‘I always find it especially hard in winter to heat my rented house as its old
’ (Lone parent supported by SVP)
Everyone deserves a home that they can afford to heat and light, where their health and wellbeing won’t be compromised. Despite signs of economic recovery, many households continue to struggle to make ends meet, for whom opening the electricity or gas bill is a real cause of anxiety as they wonder how they will be able to pay the bill.
Over a quarter of households live in energy poverty, with high energy costs, low income, and energy inefficient housing being the main contributing factors. Between 2008 and 2015, the proportion of individuals who reported they were unable to afford to keep their house warm increased by 145%.
A number of initiatives under the Better Homes scheme have been introduced by the government and have worked to improve the energy efficiency of thousands of homes. These have been expanded in recent months, but tend to target homeowners. Those in rented accommodation are twice as likely to live in a home with a poor energy efficiency rating than a homeowner.
Within the current housing crisis and shortage of accommodation, SVP members are increasingly receiving requests from people making do with substandard, inadequate housing conditions, too afraid to raise their concerns with their landlords over fear of eviction. Regulation around minimum energy efficiency in the private rental sector is needed to address such situations. The Better Energy Warmer Home Scheme should also be expanded to include landlords who agree to make their property available to those in receipt of Housing Assistance Payment.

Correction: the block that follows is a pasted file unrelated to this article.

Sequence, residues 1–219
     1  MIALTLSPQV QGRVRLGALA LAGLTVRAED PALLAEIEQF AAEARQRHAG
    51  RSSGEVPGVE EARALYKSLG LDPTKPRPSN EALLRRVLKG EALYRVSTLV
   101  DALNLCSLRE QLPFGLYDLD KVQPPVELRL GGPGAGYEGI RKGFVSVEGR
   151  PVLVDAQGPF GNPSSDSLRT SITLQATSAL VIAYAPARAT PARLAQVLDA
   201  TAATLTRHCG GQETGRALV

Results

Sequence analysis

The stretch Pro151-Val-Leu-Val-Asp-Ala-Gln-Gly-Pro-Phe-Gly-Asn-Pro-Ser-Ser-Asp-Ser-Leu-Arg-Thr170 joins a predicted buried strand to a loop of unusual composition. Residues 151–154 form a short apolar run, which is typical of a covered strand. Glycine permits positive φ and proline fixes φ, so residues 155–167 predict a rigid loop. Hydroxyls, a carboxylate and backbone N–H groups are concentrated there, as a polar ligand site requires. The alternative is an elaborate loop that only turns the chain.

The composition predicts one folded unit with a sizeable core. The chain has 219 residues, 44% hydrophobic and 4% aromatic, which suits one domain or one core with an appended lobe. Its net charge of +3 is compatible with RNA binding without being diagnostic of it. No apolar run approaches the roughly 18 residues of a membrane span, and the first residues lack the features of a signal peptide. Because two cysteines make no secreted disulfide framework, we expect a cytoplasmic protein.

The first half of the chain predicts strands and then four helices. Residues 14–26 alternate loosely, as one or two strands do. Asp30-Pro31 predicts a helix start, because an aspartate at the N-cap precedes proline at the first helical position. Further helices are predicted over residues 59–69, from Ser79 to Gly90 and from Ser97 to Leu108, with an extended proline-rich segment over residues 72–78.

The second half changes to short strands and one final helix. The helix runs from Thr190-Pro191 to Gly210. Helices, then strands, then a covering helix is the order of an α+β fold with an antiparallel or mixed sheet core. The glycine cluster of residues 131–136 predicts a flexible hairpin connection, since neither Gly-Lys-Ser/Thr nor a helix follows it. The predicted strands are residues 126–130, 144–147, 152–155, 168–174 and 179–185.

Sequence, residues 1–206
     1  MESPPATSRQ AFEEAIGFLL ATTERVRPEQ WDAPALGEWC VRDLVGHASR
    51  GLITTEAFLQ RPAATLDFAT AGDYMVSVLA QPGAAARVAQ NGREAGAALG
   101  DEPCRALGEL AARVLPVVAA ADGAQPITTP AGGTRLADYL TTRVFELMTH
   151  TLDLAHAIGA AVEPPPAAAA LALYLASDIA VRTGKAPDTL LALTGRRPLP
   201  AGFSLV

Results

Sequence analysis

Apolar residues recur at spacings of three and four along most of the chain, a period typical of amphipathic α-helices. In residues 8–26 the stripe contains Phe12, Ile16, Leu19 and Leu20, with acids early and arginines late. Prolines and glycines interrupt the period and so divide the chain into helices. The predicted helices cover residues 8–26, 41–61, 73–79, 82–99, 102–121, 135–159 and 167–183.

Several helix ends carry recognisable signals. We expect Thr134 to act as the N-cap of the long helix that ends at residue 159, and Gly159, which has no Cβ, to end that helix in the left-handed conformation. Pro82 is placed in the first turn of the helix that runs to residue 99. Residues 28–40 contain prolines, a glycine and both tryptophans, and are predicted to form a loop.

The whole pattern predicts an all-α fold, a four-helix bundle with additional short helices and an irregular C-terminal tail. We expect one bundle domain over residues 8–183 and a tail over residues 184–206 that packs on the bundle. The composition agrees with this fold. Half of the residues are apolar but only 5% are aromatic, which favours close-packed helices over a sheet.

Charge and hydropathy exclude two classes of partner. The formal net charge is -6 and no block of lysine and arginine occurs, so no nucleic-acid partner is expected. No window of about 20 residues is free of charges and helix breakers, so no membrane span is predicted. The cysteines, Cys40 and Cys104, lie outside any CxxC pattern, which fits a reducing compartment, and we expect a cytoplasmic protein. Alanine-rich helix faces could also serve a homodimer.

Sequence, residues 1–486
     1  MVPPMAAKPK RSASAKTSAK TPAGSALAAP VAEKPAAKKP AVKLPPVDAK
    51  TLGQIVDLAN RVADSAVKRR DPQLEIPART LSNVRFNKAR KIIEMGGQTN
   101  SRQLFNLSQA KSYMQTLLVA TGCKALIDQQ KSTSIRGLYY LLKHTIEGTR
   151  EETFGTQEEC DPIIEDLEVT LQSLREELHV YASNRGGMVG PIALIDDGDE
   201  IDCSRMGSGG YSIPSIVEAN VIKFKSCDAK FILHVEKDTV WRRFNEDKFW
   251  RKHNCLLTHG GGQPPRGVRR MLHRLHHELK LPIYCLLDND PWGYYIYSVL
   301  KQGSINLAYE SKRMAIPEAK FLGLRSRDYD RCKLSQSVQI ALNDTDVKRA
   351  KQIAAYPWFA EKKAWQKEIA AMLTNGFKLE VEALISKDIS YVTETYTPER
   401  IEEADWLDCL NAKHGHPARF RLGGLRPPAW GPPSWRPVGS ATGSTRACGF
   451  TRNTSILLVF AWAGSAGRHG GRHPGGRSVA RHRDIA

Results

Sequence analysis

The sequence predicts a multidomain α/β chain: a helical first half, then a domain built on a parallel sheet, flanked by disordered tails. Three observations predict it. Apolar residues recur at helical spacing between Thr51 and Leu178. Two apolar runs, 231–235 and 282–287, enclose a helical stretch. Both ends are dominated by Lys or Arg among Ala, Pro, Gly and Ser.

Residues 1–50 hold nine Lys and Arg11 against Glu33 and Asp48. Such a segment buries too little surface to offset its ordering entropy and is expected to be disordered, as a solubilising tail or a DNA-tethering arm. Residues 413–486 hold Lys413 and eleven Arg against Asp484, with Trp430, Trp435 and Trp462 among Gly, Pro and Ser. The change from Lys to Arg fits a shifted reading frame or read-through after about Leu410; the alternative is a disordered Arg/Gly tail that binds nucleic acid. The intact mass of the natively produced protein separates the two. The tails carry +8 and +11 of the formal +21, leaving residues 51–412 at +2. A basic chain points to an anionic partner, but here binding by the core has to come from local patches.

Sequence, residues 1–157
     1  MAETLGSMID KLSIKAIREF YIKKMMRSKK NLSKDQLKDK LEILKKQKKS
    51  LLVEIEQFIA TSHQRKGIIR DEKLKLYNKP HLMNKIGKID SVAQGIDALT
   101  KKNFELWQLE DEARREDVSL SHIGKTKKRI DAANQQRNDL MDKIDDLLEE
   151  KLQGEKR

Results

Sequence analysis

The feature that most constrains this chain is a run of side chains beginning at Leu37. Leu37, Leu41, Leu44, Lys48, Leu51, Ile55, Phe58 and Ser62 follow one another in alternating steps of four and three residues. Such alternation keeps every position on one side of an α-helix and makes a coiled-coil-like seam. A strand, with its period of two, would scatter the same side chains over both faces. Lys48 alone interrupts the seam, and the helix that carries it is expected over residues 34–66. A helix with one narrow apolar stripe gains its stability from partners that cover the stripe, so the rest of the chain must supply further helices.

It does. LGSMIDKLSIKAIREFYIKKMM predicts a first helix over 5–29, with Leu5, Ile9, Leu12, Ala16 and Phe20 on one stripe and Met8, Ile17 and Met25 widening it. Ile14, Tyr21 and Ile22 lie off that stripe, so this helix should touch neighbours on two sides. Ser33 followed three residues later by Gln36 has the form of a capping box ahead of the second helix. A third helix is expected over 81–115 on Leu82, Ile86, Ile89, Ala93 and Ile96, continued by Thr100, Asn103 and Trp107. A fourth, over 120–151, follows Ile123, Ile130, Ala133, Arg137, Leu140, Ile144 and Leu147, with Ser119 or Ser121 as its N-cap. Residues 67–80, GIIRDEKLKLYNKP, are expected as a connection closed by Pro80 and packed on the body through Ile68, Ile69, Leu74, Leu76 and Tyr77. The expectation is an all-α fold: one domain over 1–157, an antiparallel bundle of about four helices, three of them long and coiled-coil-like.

SVP recognise however, that even at the highest efficiency level examined, social welfare dependent households tend to remain in energy poverty and face inadequate income. Consequently, policy must address both overall income adequacy and dwelling efficiency.
Read full submission